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Examining the Evidence

Medical Opinion

I believe we can compare pattern evidence to medical opinion and that we’re both looking at the objective signs and or symptoms of what we’re dealing with.

The medical opinion most often associated with forensic science is probably that of a medical examiner. Informed by a breadth of other sciences, medical examination resides on the more subjective side of the spectrum, relying heavily on the experience of the practitioner to determine the cause and manner of death.

Ascertaining the Time of Death

One of the first questions law enforcement wants answered is: when did this person die? There are hundreds of factors that can affect the process of answering this question. For instance, while rigor mortis (where muscles lock, stiffening the body) begins within two to six hours of death, ambient temperature and the deceased’s muscle build and exercise habits affect the timing of rigor mortis.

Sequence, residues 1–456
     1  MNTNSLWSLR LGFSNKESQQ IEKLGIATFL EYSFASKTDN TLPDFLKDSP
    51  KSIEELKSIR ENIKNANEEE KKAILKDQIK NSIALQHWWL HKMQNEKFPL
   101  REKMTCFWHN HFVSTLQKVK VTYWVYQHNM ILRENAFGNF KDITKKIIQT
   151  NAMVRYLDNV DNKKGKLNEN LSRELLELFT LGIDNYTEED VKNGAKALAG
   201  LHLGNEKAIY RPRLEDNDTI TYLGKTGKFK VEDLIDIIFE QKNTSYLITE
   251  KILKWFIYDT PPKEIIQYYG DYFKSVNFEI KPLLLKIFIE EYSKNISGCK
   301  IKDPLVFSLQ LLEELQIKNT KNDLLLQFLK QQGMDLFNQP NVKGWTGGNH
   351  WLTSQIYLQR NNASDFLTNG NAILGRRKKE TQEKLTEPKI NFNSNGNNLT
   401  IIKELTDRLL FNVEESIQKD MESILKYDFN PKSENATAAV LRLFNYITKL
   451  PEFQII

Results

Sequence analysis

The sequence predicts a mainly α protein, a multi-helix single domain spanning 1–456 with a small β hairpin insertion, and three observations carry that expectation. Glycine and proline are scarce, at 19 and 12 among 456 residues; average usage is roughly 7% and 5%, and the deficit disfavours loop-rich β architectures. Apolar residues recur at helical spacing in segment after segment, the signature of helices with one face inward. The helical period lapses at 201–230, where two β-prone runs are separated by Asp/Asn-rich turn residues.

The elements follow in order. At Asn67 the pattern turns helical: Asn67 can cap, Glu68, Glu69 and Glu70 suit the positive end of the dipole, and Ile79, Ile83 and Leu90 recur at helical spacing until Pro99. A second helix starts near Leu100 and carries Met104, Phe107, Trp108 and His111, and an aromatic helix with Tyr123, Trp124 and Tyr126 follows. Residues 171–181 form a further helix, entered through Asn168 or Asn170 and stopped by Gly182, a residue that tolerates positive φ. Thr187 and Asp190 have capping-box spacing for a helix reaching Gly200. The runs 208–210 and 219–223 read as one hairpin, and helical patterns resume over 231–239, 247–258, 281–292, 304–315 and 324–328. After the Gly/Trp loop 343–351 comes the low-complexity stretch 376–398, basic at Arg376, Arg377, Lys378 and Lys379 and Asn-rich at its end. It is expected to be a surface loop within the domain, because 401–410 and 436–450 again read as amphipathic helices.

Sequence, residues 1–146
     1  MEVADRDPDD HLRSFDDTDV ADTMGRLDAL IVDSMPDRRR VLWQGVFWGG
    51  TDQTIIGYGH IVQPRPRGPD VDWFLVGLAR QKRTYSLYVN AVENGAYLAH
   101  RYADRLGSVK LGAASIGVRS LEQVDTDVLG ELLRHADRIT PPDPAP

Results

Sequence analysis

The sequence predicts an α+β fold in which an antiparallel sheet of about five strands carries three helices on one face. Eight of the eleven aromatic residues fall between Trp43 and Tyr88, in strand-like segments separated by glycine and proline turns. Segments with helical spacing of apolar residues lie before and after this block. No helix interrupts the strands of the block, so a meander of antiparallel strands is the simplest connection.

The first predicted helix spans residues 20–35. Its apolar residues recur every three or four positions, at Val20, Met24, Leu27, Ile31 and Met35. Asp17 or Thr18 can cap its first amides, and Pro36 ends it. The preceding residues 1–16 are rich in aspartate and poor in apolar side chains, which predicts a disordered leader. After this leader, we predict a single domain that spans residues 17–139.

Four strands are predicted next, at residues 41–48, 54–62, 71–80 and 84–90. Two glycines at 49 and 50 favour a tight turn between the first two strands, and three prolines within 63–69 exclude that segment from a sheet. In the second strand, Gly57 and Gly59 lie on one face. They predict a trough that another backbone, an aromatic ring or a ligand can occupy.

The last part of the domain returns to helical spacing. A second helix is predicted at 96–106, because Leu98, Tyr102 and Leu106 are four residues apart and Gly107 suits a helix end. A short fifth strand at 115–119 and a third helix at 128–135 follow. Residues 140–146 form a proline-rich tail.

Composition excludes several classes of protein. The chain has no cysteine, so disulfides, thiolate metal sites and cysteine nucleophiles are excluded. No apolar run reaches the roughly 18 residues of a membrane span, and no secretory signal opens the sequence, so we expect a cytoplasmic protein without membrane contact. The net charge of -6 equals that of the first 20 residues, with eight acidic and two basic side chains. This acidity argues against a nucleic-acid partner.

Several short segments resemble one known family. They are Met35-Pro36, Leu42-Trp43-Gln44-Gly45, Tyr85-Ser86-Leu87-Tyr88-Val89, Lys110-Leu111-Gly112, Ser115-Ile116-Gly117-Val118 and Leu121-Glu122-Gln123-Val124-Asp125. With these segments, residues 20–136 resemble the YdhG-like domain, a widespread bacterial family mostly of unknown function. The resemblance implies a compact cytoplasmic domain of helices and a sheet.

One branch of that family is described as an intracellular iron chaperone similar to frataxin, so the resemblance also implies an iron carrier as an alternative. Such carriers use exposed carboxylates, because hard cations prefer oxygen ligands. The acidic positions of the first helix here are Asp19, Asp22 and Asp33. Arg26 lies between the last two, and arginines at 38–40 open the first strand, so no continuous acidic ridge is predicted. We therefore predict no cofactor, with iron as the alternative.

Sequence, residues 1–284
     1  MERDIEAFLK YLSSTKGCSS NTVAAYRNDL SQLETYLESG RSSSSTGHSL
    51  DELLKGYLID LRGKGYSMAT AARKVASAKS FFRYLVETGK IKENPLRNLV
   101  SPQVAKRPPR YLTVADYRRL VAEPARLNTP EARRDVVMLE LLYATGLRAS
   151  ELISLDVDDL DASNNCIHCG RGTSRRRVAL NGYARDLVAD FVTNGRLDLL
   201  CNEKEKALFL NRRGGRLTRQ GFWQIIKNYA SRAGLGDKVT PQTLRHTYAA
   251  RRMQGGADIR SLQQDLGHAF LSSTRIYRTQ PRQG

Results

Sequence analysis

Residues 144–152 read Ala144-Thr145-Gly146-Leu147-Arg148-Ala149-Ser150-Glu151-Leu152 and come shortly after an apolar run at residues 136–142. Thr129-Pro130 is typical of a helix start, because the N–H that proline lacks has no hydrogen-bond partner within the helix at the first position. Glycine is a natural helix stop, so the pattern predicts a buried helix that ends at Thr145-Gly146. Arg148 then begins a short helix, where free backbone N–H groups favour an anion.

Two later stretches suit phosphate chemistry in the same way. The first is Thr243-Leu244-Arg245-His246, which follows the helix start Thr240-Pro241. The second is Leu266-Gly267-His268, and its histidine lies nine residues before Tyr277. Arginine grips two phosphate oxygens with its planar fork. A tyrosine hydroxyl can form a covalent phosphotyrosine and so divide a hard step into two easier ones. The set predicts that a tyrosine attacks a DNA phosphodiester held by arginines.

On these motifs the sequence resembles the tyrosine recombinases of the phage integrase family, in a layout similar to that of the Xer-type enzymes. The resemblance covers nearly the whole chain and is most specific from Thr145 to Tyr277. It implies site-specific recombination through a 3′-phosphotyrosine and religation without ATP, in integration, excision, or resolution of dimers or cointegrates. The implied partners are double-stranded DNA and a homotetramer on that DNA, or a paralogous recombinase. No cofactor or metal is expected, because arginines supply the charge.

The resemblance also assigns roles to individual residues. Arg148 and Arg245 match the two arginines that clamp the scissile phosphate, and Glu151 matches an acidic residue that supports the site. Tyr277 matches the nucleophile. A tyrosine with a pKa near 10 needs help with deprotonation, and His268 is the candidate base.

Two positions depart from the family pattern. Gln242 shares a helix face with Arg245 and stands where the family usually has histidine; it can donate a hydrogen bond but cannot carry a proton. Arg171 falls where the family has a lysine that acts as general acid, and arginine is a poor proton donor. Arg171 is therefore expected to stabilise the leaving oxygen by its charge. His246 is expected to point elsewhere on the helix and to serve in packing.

Many other time markers help shape the story. As the blood settles due to gravity, it gives the skin a reddish color. Additionally, body temperature, gastric contents, bodily fluids (like the fluid in the eye), and the developmental stage of insects found on the body can also be examined to determine how long ago the person died.

Each of the myriad factors is one part in developing an educated guess as to time of death, but in the end it cannot be determined with complete accuracy.

Determining the Cause and Manner of Death

Cause and manner of death is another matter for the pathologist to assess. Manner of death is how the death came about and is based on the NASH classification: Natural, Accidental, Suicidal, Homicidal, while cause of death refers to what specifically killed the person. Opinions on manner can be much more evaluative and subjective than opinions as to cause. Sometimes it is clear cut and indisputable. In other cases, it may not be clear at all, so much so that the pathologist may rule it “undetermined.”

Although partially subjective, in competent hands the results of medical examination can be relied upon. As with other forensic disciplines, it is important for attorneys and judges to understand the limitations.